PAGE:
From Wikipedia, the free encyclopedia
Jump to: navigation, search
Origin Harlem, New York City
Genres Hip-hop, Ethiopian music
Years active 2005 (2005)–2006 (2006)
Past members David "Duke Mushroom" Schommer
Tigist Shibabaw
Maki Siraj
Davi Vieira
Dave Eggar
Henok Tenesgen
Balla Tounkara
Sam "Carpete" Effron
Gregg Fine
Khalid M'Zouz

Bole2Harlem was a musical collaboration that fused elements of Ethiopian music with American hip hop. Bole2Harlem released one album, Bole2Harlem, Volume 1, in 2006. David "Duke Mushroom" Schommer, a producer, songwriter, and percussionist, founded the group with Ethiopian singers Tigist Shibabaw (the late sister of singer Gigi) and Maki Siraj.[1] The project's name refers to Bole, a neighborhood in Addis Ababa (and the site of Bole International Airport), and Harlem, New York City, where Schommer and Siraj were residents.


The project has its roots in L'Orange Bleue, a New York cafe popular with African expatriates and where Schommer, Siraj, and Shibabaw would congregate.[1] Schommer had grown up immersed in Ethiopian culture: his father had helped establish a university in Ethiopia,[2] and consequently the family home was filled with Ethiopian art and stories.[3] Shibabaw and Siraj had made a recording after they met in 2005. Schommer, Shibabaw, and Siraj discussed an "Abesha MC" concept, with Shibabaw representing traditional Ethiopian styles (see Ethiopiques), and Siraj representing new musical trends.[4] Additional collaborators joined after hearing about the project through Schommer's other production activities.[4] Schommer and Siraj also trace the concept to the transit culture of Addis Ababa, where weyalas rapidly call out the destinations of share taxis (for example, "Bole, Bole, Bole, Bole...").[4] Schommer describes the idea of taking a New York taxicab and suddenly placing it and its passengers in Addis Ababa (thus, "Harlem, Harlem, Harlem, Harlem...").[4] The album cover art features a minibus similar to the vehicles used as share taxis. Tigist Shibabaw died in early 2008 in Bahar Dar, Ethiopia.[5]


Bole2Harlem, Volume 1[edit]

(Duke Mushroom Presents) Bole2Harlem, Volume 1
Bole2Harlem 200.jpg
Studio album by Bole2Harlem
Released 2006 (2006)
Recorded Sounds of the Mushroom, Harlem
MacSound, New York City
Genre Hip hop, Ethiopian music
Length 58:15
Label Sounds of the Mushroom
Producer Duke Mushroom

Sounds of the Mushroom released Bole2Harlem, Volume 1 in June 2006.[6] White Swan Records reissued the album in June 2011.[7]

According to Schommer, the track "Hoya Hoye" exemplifies the crossing of Ethiopian and American cultures. He explains how the title is derived from a Halloween-like celebration, in which children chant "Hoya, hoye, HO, hoya hoye, HO" while clapping and pounding sticks (see Buhe).[3][8] After hearing this chant sung in Addis Ababa, Schommer was further inspired by the beat of a hip-hop track he heard while walking through Harlem.[3] During this same walk, he also heard a Gospel choir singing as he passed a church, and decided to add the refrain ("Feeling all right!") to the song. The blues scale heard on the song is actually an abbreviated Ethiopian scale.[3]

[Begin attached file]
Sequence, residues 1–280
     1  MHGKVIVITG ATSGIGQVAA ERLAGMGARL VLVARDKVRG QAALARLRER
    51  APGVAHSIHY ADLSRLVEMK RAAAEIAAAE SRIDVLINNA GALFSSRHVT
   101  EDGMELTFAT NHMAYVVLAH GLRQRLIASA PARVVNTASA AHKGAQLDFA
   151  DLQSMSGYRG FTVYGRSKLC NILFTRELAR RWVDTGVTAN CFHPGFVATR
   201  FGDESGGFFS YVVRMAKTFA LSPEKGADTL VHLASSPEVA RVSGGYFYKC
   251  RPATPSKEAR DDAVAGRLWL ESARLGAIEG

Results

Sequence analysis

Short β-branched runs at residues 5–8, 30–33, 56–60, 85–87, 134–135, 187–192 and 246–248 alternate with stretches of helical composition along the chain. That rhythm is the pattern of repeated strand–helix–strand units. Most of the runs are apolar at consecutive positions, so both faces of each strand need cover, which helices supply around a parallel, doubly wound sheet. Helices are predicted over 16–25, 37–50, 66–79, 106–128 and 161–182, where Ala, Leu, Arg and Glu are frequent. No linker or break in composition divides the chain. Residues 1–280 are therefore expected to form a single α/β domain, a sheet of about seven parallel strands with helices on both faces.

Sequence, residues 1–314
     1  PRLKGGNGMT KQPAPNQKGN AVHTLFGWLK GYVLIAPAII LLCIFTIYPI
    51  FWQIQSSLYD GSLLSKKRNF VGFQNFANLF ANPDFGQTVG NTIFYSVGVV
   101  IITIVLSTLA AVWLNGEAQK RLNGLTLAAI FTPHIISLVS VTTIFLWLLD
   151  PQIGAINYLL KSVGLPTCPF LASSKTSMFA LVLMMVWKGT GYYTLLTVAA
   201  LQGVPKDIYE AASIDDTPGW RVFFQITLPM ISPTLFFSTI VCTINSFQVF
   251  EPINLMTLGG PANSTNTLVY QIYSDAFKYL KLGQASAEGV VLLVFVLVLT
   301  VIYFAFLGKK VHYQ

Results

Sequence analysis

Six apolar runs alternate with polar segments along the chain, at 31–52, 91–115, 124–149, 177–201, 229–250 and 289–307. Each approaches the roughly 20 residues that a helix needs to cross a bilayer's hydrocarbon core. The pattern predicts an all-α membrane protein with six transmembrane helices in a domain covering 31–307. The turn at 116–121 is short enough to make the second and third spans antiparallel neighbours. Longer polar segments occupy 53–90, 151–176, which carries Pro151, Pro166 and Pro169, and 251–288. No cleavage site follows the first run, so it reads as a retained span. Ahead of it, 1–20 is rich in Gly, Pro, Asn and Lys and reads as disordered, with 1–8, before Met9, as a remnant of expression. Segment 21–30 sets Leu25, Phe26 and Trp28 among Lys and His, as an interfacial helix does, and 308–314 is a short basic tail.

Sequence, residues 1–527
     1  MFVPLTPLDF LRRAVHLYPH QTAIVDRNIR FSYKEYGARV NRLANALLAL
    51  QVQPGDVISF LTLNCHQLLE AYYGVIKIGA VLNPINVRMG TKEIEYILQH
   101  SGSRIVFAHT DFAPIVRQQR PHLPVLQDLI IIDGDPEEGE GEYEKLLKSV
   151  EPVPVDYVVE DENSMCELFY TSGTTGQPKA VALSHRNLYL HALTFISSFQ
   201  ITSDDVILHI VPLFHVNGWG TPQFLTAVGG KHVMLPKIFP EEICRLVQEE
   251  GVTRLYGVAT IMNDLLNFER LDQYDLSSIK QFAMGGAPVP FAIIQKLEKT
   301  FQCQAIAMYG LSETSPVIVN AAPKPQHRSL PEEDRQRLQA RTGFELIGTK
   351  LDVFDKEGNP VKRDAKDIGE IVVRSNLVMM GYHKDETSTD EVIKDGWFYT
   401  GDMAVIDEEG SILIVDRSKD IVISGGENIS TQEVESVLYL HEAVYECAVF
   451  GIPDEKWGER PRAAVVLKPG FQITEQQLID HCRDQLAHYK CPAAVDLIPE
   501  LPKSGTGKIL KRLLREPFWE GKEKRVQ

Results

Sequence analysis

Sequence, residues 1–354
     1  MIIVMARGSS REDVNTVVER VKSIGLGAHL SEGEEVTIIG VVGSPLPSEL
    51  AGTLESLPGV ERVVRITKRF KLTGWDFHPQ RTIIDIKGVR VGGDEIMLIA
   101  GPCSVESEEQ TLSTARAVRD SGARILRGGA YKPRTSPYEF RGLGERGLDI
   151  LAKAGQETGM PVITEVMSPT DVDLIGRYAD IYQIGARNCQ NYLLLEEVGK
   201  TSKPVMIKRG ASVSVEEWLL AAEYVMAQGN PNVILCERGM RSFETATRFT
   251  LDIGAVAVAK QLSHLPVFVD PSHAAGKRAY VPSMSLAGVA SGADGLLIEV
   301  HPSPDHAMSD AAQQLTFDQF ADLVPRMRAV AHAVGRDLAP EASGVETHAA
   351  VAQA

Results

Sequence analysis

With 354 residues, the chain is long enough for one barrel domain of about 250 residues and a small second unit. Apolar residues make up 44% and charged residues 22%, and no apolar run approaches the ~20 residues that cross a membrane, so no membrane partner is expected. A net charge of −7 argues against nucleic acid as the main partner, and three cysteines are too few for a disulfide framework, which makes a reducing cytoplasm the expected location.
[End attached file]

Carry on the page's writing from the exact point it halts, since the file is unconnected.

The track "Bole 2 Harlem" appears on the compilation album Un Automne 2007.[9]

Track listing
  1. "Bole 2 Harlem" - 4:12
  2. "Hoya Hoye" - 4:08
  3. "Enseralen" Gojo - 5:27
  4. "Ametballe" - 4:56
  5. "Hi Loga" - 4:19
  6. "Endegena" - 4:47
  7. "Home" - 5:55
  8. "Ya Selam" - 3:54
  9. "Aya Bellew" - 4:41
  10. "Harlem 2 Bole" - 2:28
  11. "Quralew" - 1:47
  12. "Ensaralen Gojo (Remix)" - 8:58
  13. "Africaye!" - 2:28

All Songs Written by:

  • D. Schommer: Music
  • M.Siraj, T.Shibabaw, D.Schommer: Lyrics


  • #4, 11: D. Schommer: Music, M.Siraj: Lyric
  • #3, 12:D. Schommer: Music, J.Bashir, M.Siraj: Lyric
  • #6: D. Schommer: Music, M.Siraj, D.Vieira: Lyric

Contributing artist[edit]


  1. ^ a b Press release on Rock Paper Scissors, (accessed November 23, 2014).
  2. ^ Harvilla, Rob (December 26, 2006). "Harlem Globetrotters". The Village Voice. Retrieved January 8, 2012. 
  3. ^ a b c d Marco Werman (February 2, 2007). "Bole2Harlem". The World. (transcript). PRI. Retrieved January 8, 2012. 
  4. ^ a b c d Derek Rath (January 15, 2007). "Bole2Harlem: Hearing Ethiopia in New York". Day to Day. NPR. Retrieved January 8, 2012. 
  5. ^ "Ethiopian Singer Tigist Shibabaw of Bole 2 Harlem Dies in Bahar Dar". January 21, 2008. Retrieved January 8, 2012. 
  6. ^ "Bole 2 Harlem Vol #1". Amazon. Retrieved January 8, 2012. 
  7. ^ "Bole 2 Harlem – Volume 1". Discogs. Retrieved 2011-01-06. 
  8. ^ "Ethiopian festivals". Retrieved 2012-01-08. 
  9. ^ "Various – Un Automne 2007". Discogs. Retrieved January 8, 2011. 

External links[edit]